“He was just one of those special people around town that everyone liked. He represented a generation that is quickly fading — the downhome image.”

The editorial concluded by saying that in his own way, Marshall Horton chiseled his name in this town’s memory simply by being a friendly, kind gentleman.


George William Bowers, known as “Chick” to many, worked for 29 years as a custodian at the Elizabethton Post Office. He retired from the post office on May 31, 1970.

Before Bowers worked at the post office, he worked at a number of other places. At age 16, he worked his first job at the Whiting Lumber Company. About a year later he went to work at the Extract Company, and in 1919, Bowers took a job as custodian at the old Elizabethton General Hospital, which was located where the American Legion Building is now located.

He later tried his hand at railroading and was employed until 1926 as fireman, water tender, and switchman for the Norfolk and Western Railway Shops in Williamson, W.Va.

When the rayon plans were being constructed here, Bowers took a job with the construction company building the plants. When that job was completed he was employed at the old Sudden Service Station, operated by the Dungan Brothers, located where Ritchie’s is now located. Later he worked at the Brumit Service Station, and began his job at the post office in March 1941, as a temporary laborer under Postmistress, Mrs. Grace Shell. He soon became a full-time employee.

Later, he cleaned part-time at the Elizabethton Federal Savings and Loan Association.

Bowers was the father of George H. Bowers, who worked for many years at Carter County Bank. Among his grandchildren are Teresa and Loretta Bowers, who have made their mark in music. Another granddaughter, Connie Baker, served on the Elizabethton School Board.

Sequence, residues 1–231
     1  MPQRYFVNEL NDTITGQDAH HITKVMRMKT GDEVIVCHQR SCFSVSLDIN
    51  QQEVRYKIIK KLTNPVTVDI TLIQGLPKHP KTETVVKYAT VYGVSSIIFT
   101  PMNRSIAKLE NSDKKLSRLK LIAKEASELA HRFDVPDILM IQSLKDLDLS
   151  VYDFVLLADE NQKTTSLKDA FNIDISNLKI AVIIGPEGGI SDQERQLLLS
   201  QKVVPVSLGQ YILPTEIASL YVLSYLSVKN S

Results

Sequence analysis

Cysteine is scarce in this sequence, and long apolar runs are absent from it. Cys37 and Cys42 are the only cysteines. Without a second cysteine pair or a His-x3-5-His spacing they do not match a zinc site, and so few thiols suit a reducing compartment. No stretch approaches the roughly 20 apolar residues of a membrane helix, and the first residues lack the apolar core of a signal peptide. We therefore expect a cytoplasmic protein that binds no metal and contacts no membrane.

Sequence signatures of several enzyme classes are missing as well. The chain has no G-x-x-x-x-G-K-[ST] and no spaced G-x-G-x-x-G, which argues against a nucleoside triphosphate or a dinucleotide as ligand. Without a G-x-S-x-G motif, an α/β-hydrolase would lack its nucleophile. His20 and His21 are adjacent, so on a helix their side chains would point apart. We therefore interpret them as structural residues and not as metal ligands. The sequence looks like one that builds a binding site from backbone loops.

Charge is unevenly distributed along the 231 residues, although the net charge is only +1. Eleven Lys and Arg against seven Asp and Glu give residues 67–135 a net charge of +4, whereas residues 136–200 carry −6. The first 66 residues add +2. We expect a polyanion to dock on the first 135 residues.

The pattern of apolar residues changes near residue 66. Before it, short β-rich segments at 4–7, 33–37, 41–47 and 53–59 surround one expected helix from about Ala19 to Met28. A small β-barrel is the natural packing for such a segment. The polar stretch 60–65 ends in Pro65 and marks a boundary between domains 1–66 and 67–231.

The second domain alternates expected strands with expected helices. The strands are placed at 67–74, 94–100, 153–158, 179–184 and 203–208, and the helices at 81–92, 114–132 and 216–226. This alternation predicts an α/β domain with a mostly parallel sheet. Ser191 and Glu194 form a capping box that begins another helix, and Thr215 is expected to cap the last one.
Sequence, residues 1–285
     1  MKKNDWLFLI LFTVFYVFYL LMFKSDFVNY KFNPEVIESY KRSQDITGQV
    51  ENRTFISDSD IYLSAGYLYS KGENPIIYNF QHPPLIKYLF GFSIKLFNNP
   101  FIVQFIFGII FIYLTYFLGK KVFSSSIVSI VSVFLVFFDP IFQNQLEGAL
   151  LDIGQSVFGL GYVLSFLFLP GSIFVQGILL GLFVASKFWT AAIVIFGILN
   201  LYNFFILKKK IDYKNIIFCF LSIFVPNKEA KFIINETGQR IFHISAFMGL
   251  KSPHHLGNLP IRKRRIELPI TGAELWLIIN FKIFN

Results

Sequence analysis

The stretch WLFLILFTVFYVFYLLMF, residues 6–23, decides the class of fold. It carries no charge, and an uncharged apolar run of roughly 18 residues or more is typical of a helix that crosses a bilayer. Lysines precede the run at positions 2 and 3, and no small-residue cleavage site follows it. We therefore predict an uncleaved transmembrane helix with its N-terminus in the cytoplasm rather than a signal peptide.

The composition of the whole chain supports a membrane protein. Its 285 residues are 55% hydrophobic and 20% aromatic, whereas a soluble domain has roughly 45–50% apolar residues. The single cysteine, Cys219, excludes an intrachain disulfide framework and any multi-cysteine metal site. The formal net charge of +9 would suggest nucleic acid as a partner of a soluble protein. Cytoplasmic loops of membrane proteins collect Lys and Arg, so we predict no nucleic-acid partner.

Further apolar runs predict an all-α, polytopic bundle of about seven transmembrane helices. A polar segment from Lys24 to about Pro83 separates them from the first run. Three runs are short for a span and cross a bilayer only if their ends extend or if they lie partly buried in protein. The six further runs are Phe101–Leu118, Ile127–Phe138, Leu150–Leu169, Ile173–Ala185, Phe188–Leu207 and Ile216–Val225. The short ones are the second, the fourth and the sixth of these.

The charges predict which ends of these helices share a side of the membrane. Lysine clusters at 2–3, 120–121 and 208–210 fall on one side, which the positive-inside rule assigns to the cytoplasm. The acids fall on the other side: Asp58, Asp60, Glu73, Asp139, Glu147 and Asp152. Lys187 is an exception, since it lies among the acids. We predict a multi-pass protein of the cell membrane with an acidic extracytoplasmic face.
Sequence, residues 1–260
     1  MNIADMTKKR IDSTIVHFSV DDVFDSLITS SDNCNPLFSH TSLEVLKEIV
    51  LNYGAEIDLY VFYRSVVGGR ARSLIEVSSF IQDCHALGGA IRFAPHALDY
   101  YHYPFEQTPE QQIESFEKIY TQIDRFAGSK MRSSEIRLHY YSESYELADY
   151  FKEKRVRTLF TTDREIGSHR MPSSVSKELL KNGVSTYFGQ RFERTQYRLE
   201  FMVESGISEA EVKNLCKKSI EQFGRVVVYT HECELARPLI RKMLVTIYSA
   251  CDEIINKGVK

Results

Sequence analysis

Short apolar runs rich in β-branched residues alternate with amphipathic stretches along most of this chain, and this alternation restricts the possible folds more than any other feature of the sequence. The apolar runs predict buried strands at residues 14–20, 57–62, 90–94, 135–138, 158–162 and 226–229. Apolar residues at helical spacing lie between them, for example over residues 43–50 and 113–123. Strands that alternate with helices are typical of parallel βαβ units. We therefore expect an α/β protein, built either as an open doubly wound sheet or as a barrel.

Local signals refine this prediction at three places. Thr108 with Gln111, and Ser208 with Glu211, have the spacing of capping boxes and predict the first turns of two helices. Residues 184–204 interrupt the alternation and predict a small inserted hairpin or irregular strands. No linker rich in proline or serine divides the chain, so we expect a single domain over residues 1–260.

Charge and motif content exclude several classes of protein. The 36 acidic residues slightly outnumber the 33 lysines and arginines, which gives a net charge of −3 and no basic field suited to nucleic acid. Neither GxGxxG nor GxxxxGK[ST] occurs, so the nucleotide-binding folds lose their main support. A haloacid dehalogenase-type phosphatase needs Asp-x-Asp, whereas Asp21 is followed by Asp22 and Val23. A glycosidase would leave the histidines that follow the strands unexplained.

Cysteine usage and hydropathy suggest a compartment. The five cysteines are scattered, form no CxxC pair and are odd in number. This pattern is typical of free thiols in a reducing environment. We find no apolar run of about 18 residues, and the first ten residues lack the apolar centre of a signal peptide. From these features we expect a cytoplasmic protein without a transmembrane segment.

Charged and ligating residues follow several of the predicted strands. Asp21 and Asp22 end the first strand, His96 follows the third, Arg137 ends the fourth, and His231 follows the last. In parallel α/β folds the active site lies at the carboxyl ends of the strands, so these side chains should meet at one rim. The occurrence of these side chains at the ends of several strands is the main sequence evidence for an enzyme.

Almost everyone in town, 50 years and older, remembers Bernice Myrick, who was a longtime employee of the Kress store on Elk Avenue. “I came to Elizabethton when I was 19, and she was working at the Kress store then, and that was 75 years ago,” said Pearl Smith.

When the Kress store closed, Myrick continued working at the Wal-Mart.

“She had a contagious smile, and was a fun person to be around,” said Smith, who herself worked for a number of years at First United Methodist Church in the nursery school program and worked many social events at the church. She and three of her friends for several years had the Rose of Sharon Catering Service.

Ms. Pearl, who at 94 years old, still attends some Elizabethton High School football games, where her great-grandson is a freshman member of the team.

Elizabethton’s black community has produced some much beloved citizens, who have made us proud to have them in our midst. There are many other prominent citizens whose names are forever remembered, such as Minnie Conley, a midwife who delivered over 1,000 babies and lived to be 113 years old.

James “Chick” Forney was one of the best baseball players in Elizabethton back in the 1930s and played on some of the most famous black semipro teams in the south.

Albert Taylor worked for many years at Hathaway-Percy Funeral Home, and Fannie Stover and George Bowers were among Elizabethton’s most beloved educators.

These are just a few names from the past, however, there are many others who made Elizabethton home and made memories here.